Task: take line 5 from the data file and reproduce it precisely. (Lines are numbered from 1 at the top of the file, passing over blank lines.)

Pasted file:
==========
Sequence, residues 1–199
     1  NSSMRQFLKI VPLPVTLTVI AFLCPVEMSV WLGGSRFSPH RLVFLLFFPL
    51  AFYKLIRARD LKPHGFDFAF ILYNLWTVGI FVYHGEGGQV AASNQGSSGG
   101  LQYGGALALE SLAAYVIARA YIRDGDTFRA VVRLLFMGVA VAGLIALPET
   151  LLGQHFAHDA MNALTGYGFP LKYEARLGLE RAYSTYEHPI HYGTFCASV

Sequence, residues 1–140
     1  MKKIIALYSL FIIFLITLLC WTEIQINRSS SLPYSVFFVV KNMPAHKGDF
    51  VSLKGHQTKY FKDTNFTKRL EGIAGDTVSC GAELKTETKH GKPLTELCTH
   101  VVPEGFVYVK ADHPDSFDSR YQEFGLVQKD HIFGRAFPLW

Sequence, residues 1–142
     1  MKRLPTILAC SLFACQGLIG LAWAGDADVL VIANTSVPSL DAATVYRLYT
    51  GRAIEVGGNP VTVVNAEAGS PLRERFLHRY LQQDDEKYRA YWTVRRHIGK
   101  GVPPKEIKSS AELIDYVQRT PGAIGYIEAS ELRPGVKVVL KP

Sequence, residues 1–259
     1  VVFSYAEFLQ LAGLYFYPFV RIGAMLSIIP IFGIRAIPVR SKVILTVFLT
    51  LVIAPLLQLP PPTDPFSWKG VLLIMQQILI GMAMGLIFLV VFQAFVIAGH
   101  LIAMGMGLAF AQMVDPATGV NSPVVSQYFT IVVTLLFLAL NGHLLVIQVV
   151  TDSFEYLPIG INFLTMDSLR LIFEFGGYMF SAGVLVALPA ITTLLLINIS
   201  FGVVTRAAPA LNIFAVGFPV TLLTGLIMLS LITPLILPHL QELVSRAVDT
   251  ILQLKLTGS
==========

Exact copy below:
   151  LLGQHFAHDA MNALTGYGFP LKYEARLGLE RAYSTYEHPI HYGTFCASV